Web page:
• Previous medication allergies.

  • Performing critical examination of the patient's medications

Before starting the medication review, a complete medication list is obtained from the preliminary list and the patient interview. The complete list and the patient's comments are now examined, first comparing medical treatment versus the patient's clinical status, diagnoses and symptoms. Afterwards, each medication is assessed individually.

Figure 1

Simplified procedure for systematic medication review in five steps with description of how the patient's medications are examined. *It is examined if there is a reason. Information from previous admissions and ambulatory controls is taken into account. GFR, glomerular filtration rate; SSRIs, selective serotonin reuptake inhibitors.

Pharmacological and pharmaceutical literature is used, such as the Summary of Product Characteristics (http://www.ema.europa.eu), databases of drug interactions (ie, http://www.interaktionsdatabasen.dk), studies on specific medications (from http://www.pubmed.gov) together with national and international treatment guidelines from medical societies and from the Danish Institute for Rational Pharmacotherapy (http://www.irf.dk) which provides healthcare professionals with independent information about medical treatment.

In figure 1, a full description of this step is shown, including examples.

  • Reporting recommendations to the hospital physician

In this procedure, all recommendations decided to be clinically relevant are documented via the electronic medical record. If the problem is deemed acute, the note is accompanied by oral communication with the physician. The written record contains a description of the problem for the patient and a proposal for solving the problem.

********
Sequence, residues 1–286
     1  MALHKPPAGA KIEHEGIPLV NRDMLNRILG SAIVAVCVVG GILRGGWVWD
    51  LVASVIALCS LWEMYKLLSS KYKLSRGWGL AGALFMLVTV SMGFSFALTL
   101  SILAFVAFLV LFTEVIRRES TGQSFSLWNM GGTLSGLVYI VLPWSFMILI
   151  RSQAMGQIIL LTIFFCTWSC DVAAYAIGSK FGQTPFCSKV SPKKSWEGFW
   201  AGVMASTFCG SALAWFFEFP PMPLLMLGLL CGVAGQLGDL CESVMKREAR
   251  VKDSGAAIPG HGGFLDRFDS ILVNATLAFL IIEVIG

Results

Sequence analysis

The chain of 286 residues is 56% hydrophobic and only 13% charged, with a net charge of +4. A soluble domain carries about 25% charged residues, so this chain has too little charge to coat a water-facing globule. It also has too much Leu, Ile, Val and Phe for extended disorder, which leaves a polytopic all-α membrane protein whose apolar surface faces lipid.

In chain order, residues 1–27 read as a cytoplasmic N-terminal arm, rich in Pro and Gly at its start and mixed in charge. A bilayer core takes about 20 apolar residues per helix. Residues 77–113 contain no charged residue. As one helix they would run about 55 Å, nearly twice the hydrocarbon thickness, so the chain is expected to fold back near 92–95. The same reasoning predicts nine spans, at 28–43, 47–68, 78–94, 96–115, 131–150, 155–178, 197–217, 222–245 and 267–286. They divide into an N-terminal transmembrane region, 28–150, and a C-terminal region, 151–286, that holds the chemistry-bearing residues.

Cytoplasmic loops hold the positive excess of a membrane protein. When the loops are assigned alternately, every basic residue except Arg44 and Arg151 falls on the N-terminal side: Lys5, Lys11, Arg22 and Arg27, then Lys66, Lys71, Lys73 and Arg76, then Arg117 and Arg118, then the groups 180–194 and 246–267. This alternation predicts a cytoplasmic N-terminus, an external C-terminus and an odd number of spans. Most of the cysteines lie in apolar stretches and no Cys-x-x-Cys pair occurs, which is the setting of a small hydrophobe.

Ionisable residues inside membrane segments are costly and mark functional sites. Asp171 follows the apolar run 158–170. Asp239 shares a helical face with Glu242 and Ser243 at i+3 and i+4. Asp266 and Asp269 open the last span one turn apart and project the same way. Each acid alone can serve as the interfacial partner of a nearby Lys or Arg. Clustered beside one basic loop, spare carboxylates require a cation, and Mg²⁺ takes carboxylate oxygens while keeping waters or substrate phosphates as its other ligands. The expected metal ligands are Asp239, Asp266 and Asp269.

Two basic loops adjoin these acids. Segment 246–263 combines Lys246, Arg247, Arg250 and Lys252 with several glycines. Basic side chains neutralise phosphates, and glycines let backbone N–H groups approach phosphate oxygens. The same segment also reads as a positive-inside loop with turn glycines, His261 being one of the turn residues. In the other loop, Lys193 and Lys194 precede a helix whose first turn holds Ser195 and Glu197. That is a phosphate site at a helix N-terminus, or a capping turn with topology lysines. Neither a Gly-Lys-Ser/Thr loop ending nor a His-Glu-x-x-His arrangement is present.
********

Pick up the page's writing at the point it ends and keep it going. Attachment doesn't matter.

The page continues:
Discussion

We have provided a detailed description of a procedure for pharmacist-led medication review. We do so, not to provide or advocate a single one-size-fits-all solution, but in an attempt to inspire a debate of the practical approach on how to execute a systematic medication review in different settings. In our experience, this procedure is usable in the setting of acute admissions units, allowing us to identify clinically relevant medication-related problems, and still fit in the acute hospital setting with a busy workflow.

A strength of this procedure is that the pharmacist sees the patient after the physician has provided the diagnoses and at a time where results from laboratory tests are available. This enables the pharmacist to perform a more comprehensive medication review, as the pharmacist has more information available. In other models proposed for medication review in the acute hospital setting, the pharmacist meets the patient before the physician,12 which adds the element of obtaining the medication history and to conduct medication reconciliation before the actual review can be performed. A recent Danish study has shown that more medication-related problems are found, when medication reconciliation is also performed, but that the clinical importance is largest for problems found during medication review.24 Another Danish study has reported increased acceptance rates among medication-related problems of high clinical significance.25 As such, we focused on the clinically relevant medication-related problems, which are equivalent to the problems with highest, high and medium priority according to Sexton et al6 As an example, we would not change an already initiated otherwise efficient treatment not showing adverse effects, even though it does not follow current guidelines. Similarly, we will not change regimens for economic reason if it does not affect the patient.